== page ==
|Chris de Saram|
Wakefield Jazz and Norvaljazz have announced this morning the sad news that Chris de Saram died on Tuesday 21 August. With typical thoroughness, Chris had asked that his death should be announced once the date and time of the funeral could also be communicated at the same time.
Chris ran Wakefield Jazz from 2004 onwards. He gave huge energy to running and filling the club, which has become a cornerstone of the touring circuit. As the announcement (link below) which also sketches in his biography states: “He leaves a big hole in the jazz world which will be profoundly difficult to fill.” Chris was also Chair of Norvoljazz.
The reports on the club’s Tripadvisor page are a testimony to what Chris achieved. There is a quote from Claire Martin: “Wakefield Jazz is one of the most important clubs in the UK with an enthusiasm & vibe that is second to none.” There are numerous other plaudits. Julian Joseph has written: “Wakefield Jazz is one of the great arteries that enables the very bloodstream of the UK’s finest jazz talent to thrive and flow in its natural habitat.”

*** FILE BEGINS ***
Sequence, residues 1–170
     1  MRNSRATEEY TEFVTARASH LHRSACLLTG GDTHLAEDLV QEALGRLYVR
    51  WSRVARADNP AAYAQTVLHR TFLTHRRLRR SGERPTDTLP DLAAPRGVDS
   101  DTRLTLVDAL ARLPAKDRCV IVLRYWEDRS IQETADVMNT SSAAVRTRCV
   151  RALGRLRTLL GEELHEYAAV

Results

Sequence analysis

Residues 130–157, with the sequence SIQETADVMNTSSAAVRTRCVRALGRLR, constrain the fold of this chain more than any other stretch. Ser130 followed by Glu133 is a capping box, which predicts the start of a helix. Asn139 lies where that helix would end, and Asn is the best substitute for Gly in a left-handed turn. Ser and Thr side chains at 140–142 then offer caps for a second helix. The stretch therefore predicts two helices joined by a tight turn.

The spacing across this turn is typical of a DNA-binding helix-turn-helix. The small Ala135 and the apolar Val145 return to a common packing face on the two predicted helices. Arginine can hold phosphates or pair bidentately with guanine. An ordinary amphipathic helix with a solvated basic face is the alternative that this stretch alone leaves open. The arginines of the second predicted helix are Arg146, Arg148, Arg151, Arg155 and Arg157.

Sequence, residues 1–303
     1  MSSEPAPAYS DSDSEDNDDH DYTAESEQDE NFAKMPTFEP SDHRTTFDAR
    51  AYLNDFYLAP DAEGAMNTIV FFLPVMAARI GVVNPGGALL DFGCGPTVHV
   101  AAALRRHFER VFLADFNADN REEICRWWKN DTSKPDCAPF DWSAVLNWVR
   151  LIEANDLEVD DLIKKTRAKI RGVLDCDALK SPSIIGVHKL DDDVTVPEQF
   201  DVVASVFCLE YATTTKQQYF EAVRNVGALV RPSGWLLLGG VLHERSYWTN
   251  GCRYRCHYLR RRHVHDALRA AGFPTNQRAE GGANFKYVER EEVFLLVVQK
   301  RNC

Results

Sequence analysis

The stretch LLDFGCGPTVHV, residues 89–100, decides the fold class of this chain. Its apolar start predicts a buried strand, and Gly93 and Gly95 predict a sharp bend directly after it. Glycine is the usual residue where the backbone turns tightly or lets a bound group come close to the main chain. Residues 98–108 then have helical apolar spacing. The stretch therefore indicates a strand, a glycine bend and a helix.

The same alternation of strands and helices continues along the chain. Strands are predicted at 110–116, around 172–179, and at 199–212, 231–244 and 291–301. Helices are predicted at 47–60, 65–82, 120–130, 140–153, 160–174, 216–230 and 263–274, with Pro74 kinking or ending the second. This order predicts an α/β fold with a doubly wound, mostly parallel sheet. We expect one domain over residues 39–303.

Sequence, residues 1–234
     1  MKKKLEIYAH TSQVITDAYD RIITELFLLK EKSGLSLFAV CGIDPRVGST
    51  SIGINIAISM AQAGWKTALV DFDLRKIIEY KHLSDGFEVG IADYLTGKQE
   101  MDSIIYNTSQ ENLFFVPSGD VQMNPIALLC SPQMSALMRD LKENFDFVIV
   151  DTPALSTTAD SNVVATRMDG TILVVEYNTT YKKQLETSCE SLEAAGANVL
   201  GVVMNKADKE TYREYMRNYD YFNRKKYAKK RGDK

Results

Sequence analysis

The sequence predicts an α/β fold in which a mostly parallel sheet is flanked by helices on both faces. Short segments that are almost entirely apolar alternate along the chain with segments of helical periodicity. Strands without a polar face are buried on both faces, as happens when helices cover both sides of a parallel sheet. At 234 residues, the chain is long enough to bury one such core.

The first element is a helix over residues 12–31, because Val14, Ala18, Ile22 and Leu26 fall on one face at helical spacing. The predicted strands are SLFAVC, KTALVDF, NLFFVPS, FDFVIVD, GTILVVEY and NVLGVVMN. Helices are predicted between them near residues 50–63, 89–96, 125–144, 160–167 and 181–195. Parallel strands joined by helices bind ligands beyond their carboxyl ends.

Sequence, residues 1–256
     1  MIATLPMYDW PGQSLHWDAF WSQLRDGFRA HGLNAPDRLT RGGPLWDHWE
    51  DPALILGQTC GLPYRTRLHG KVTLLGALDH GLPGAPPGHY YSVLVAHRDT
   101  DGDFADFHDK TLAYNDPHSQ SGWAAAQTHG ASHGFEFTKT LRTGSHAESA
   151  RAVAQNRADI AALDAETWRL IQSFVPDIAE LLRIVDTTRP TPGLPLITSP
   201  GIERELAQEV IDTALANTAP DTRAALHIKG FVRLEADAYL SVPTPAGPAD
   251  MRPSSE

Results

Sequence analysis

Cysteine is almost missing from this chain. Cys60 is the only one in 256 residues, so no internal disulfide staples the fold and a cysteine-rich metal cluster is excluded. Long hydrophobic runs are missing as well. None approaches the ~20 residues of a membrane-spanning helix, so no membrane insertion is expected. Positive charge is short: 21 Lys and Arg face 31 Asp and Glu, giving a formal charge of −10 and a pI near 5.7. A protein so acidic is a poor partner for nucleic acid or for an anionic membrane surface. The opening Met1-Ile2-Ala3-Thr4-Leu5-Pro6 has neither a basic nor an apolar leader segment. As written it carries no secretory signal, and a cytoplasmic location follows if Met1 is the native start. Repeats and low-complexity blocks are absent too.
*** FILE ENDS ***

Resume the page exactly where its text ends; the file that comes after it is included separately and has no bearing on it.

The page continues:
It was when researching a feature for BBC Radio 3’s Jazz Line-Up about pockets in the UK that have produced more than their share of jazz talent that I got to grips with the wider and lasting significance of the work of Alec Sykes and Chris de Saram (the relevant section begins at [07:00]). They put young musicians into support slots, familiarising teenagers with the professional jazz world. Musicians from Wakefield who have made their mark on the jazz scene include Reuben Fowler, Pete Horsfall, Matt Robinson and Tom McCredie.
As Beverley Beirne has said in a tribute on Facebook today:
“What a gap he leaves. It was an absolute honour to have known him and to be guided and encouraged by him. He’ll be hugely missed by so many.”
Nigel Price writes:
“Some jazz clubs seem like they’re unshakeable. Like they’re institutions that are always going to be there, come what may. We take them for granted. These places only exist through the hard work and dedication of good, kind and professional people. Chris De Saram was indeed one of those special people and worked tirelessly to keep our great heritage of UK jazz alive, both at the club and elsewhere. Goodbye, Chris.”
LINK: Announcement from Wakefield Jazz and Funeral Details